5. Improvement in per Capital Income: Entrepreneurs are always on the lookout for opportunities. They explore and exploit the opportunities. Entrepreneurs take lead in organizing various factors of production by putting them into productive use through the setting up of enterprises. More enterprises will lead to more production, employment and generation of wealth in the form of goods and services. It will result in the increase in the overall productivity and per capita income in the country. EDPs play a positive role in the setting of more units and thus help in generation of more employment and income.
  6. Improvement in the Standard of Living: Entrepreneurs by adopting latest innovations help in the production of wide variety of goods & services. By making efficient use of the resources, they start producing more of better quality and that too at lower costs. This enable them to ensure easy availability of better quality products at lower prices to the consumers which result in the improvement in the standard of living of the people.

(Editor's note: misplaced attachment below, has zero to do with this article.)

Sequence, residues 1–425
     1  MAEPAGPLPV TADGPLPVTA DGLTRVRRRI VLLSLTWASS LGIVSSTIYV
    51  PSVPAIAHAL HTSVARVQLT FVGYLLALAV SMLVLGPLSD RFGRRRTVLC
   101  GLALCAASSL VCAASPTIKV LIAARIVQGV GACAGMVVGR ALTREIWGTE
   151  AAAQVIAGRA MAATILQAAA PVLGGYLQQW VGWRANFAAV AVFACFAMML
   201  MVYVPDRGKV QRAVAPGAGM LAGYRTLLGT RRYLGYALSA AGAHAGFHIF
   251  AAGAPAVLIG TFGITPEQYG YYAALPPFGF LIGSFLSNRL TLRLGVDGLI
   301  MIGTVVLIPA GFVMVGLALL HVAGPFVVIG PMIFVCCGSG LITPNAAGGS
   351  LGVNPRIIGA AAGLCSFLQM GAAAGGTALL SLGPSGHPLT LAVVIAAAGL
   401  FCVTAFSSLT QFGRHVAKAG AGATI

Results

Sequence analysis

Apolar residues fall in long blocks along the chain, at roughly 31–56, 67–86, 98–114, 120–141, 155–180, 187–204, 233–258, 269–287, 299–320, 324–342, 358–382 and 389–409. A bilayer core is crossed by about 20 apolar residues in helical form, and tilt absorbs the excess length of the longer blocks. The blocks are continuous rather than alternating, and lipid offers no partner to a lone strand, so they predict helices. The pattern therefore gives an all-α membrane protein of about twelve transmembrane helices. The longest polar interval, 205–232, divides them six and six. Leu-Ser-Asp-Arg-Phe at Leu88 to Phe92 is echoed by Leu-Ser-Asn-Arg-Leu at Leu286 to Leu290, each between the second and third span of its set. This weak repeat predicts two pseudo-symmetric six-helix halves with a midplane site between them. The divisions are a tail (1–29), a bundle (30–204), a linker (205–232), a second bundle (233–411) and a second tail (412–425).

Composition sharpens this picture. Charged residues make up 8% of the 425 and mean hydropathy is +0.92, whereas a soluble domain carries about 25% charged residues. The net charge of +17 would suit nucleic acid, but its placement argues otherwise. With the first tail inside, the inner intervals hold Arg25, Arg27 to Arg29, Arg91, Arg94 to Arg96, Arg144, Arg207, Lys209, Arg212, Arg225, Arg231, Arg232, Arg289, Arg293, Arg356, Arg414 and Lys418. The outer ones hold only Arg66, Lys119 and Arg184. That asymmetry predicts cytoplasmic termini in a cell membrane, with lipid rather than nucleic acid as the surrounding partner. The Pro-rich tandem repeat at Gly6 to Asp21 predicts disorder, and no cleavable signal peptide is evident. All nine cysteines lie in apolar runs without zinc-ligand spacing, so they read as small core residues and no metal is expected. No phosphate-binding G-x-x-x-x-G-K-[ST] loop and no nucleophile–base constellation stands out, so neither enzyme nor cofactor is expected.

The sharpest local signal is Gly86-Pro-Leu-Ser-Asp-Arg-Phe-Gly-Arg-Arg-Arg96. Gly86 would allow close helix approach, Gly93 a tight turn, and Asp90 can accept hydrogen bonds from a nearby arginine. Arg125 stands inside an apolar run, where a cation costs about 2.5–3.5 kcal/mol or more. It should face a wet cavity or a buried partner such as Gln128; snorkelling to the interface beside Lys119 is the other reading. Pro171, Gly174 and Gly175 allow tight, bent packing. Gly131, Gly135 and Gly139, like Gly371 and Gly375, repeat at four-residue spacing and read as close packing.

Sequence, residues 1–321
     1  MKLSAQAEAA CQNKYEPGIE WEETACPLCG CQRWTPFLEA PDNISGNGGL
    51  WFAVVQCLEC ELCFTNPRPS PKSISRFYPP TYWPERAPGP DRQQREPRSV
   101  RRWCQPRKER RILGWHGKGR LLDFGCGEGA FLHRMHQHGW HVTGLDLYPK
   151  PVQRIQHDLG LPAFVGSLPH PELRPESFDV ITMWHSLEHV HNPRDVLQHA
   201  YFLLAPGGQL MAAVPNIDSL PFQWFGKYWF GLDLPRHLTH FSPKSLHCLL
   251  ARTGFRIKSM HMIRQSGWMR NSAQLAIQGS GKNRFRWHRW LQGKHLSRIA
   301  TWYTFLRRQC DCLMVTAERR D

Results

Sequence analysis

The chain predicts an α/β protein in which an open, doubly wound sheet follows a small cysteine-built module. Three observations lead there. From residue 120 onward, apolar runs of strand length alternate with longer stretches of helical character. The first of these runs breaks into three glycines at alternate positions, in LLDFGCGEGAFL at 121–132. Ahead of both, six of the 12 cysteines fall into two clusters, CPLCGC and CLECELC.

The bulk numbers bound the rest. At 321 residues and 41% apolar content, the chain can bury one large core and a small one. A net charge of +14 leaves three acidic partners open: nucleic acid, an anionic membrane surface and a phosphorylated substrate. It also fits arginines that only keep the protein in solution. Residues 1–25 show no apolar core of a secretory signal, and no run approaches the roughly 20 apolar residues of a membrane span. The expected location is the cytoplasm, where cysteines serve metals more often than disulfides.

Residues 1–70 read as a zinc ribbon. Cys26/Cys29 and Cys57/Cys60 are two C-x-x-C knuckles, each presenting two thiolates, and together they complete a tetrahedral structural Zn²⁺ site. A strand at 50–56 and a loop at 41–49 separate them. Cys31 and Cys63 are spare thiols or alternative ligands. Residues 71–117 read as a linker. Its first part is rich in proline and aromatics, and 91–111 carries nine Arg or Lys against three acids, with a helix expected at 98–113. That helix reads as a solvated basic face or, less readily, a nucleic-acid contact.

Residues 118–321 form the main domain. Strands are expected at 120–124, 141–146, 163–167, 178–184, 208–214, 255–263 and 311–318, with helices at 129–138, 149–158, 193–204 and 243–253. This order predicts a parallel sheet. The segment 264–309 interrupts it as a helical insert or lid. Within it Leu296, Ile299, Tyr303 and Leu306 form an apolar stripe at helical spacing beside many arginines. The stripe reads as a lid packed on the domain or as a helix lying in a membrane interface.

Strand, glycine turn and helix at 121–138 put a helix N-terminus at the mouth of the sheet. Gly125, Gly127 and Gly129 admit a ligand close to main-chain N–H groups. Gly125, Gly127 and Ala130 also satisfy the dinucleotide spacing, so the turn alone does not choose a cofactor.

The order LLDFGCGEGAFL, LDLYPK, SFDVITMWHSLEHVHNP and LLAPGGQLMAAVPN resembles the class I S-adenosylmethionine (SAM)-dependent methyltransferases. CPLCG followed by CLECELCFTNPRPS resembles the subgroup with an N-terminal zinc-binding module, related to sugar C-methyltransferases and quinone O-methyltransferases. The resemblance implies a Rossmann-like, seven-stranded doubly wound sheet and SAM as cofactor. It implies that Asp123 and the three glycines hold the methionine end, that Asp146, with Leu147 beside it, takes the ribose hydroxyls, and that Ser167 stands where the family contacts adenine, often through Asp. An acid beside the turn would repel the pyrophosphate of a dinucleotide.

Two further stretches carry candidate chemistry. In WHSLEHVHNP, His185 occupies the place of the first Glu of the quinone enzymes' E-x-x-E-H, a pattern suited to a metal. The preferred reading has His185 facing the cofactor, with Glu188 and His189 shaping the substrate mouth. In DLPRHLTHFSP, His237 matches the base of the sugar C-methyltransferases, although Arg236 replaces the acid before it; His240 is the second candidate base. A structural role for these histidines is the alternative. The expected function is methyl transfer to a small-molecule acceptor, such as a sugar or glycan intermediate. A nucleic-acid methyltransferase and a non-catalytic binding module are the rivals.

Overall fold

7. Economic Independence: Entrepreneurs enable a country to produce wide variety of better quality goods & services and that too at competitive prices. They develop substitutes of the goods being imported and thus prevent over-dependence on foreign countries and at the same time help in the saving of precious foreign exchange. Through sale of their surplus products in foreign market entrepreneurs enable a country to earn foreign exchange, which is so essential for meeting developmental needs of the economy. Export promotion and import substitution thus help in promoting economic independence of the economy.
  8. Preventing Industrial Slums: Industrially developed areas are faced with problem of industrial slums, which result in over burdening of civic amenities and adverse impact on the health of people. Dispersal of industries can help in the overcoming of this grave problem. EDPs can help in preventing spread of industrial slums by providing various incentives, subsidies and infrastructural support to entrepreneurs for setting up their enterprises in industrially backward areas. This will also help in reducing pollution and overtaxing of civic amenities.